• UIAlertView

    25 February 2015

    Alert views are pop-up views that appear over the current view on the iPhone.

    Creating and showing an alert (ARC compatible):

        UIAlertView *alert = [[UIAlertView alloc] initWithTitle:@"Really reset?" message:@"Do you really want to reset this game?" delegate:self cancelButtonTitle:@"Cancel" otherButtonTitles:nil];
        // optional - add more buttons:
        [alert addButtonWithTitle:@"Yes"];
        [alert show];
    

    For non-ARC (retain/release) projects, you must autorelease the alert view:

        UIAlertView *alert = [[[UIAlertView alloc] initWithTitle:@"Really reset?" message:@"Do you really want to reset this game?" delegate:self cancelButtonTitle:@"Cancel" otherButtonTitles:nil] autorelease];
        // optional - add more buttons:
        [alert addButtonWithTitle:@"Yes"];
        [alert show];
    

    If you add the UIAlertViewDelegate protocol to your controller, you can also add the following method which is called after the user dismisses the alert view:

    - (void)alertView:(UIAlertView *)alertView didDismissWithButtonIndex:(NSInteger)buttonIndex {
        if (buttonIndex == 1) {
            // do stuff
        }
    }
    

    Button indices start at 0 (for the cancelButton specified in the alloc/init), and go up by 1 for each addButtonWithTitle call you add. If you have a lot of alerts, your didDismiss method can keep track of which one is being dismissed if you add the setTag call to the alert initialization: [alert setTag:23];

        UIAlertView *alert = [[[UIAlertView alloc] initWithTitle:@"Error" message:@"I'm sorry Dave, I'm afraid I can't do that." delegate:self cancelButtonTitle:@"OK" otherButtonTitles:nil] autorelease];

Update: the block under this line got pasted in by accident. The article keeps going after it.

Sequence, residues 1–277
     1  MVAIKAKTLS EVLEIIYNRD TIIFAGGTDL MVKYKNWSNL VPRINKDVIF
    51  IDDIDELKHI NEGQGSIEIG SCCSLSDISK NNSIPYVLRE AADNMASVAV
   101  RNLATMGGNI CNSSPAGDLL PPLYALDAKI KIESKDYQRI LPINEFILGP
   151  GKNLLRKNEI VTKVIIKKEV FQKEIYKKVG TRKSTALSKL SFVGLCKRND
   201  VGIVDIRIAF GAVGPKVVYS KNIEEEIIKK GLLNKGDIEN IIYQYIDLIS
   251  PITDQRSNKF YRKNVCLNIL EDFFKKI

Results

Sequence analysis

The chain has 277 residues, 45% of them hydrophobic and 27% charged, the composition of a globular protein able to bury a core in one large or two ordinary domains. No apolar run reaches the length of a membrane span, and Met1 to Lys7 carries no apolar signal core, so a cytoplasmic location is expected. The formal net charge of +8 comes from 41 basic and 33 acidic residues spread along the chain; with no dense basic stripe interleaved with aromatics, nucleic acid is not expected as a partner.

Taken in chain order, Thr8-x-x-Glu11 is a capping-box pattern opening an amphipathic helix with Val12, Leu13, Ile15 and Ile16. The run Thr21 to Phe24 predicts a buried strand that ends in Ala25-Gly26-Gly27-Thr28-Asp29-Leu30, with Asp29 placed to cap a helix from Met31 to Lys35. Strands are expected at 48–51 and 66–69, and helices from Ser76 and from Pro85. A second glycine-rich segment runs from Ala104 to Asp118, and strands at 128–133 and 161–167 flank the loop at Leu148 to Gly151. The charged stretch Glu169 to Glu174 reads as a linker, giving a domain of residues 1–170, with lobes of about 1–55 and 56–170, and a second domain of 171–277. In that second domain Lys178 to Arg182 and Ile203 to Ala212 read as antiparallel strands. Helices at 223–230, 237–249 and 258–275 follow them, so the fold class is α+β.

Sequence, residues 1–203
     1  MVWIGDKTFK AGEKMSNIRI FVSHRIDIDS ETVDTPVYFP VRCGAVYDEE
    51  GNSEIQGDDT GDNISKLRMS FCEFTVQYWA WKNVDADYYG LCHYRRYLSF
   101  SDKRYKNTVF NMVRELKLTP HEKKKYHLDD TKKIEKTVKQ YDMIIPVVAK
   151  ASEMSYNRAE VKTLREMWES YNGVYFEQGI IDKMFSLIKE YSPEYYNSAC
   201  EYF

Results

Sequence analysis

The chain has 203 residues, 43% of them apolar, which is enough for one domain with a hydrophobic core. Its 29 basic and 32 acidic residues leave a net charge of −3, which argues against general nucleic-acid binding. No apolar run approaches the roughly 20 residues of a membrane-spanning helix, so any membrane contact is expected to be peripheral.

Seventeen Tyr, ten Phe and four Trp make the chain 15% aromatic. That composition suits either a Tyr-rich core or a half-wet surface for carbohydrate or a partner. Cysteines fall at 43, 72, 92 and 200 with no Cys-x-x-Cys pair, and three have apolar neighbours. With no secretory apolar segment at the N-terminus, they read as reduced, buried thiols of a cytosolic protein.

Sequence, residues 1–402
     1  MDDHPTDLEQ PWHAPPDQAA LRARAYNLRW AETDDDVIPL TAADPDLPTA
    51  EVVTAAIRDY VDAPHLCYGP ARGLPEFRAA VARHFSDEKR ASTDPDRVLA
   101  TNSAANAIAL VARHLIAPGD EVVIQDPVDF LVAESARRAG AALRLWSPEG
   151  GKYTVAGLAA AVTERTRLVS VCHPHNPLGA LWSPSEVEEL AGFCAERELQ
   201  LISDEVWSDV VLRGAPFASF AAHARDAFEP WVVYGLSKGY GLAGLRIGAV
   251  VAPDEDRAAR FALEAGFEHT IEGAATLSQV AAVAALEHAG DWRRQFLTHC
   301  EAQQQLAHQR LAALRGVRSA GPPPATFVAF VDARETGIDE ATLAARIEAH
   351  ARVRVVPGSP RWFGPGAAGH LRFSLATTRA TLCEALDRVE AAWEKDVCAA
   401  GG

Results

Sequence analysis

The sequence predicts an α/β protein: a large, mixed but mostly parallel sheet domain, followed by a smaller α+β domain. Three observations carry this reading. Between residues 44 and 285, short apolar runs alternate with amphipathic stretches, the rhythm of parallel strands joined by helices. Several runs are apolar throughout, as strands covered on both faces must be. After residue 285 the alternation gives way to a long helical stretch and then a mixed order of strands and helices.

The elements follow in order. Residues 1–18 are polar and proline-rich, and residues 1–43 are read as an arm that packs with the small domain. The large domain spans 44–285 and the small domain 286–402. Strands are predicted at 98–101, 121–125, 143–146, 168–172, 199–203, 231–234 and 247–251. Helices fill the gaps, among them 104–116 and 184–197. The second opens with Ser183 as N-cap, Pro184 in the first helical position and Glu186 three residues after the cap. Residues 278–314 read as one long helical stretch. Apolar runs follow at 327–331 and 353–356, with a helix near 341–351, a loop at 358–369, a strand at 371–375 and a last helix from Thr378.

[alert setTag:12];
        [alert show];
    
    ... later ...
    
    - (void)alertView:(UIAlertView *)alertView didDismissWithButtonIndex:(NSInteger)buttonIndex {
        if ([alertView tag] == 12) {    // it's the Error alert
            if (buttonIndex == 0) {     // and they clicked OK.
                // do stuff
            }
        }
    }
    

    Alert Views With Text Fields

    Alert views can display an optional text input field. This may be useful for asking the user for a username or password. The type of field to display is specified with the alert's alertViewStyle property:


    UIAlertViewStylePlainTextInputUIAlertViewStyleSecureTextInputUIAlertViewStyleLoginAndPasswordInput

     
    IAlertView * alert = [[UIAlertView alloc] initWithTitle:@"" message:@"The amount?" delegate:self cancelButtonTitle:@"Cancel" otherButtonTitles:@"Ok", nil];
        alert.alertViewStyle = UIAlertViewStylePlainTextInput;
        UITextField * alertTextField = [alert textFieldAtIndex:0];
        alertTextField.keyboardType = UIKeyboardTypeNumberPad;
        [alertTextField setTextAlignment:NSTextAlignmentCenter];
        [alert show];
        [alert release];
     
        UIAlertView *alert = [[UIAlertView alloc> initWithTitle:@"Username:" message:@"Please enter your username:" delegate:self cancelButtonTitle:@"Cancel" otherButtonTitles:nil];
        
        alert.alertViewStyle = UIAlertViewStylePlainTextInput;
        alert.tag = 12;
        
        [alert addButtonWithTitle:@"Go"];
        [alert show];
    }
    

    Then in the delegate method, use the alertView's textFieldAtIndex method to get the text field object. For plain and secure text input styles, the text field is at index 0. For the LoginAndPasswordInput style, the login field is index 0 and the password field is index 1.

    - (void)alertView:(UIAlertView *)alertView didDismissWithButtonIndex:(NSInteger)buttonIndex
    {
        if (alertView.tag == 12) {
            if (buttonIndex == 1) {
                UITextField *textfield = [alertView textFieldAtIndex:0];
                NSLog(@"username: %@", textfield.text);
            }
        }
    }


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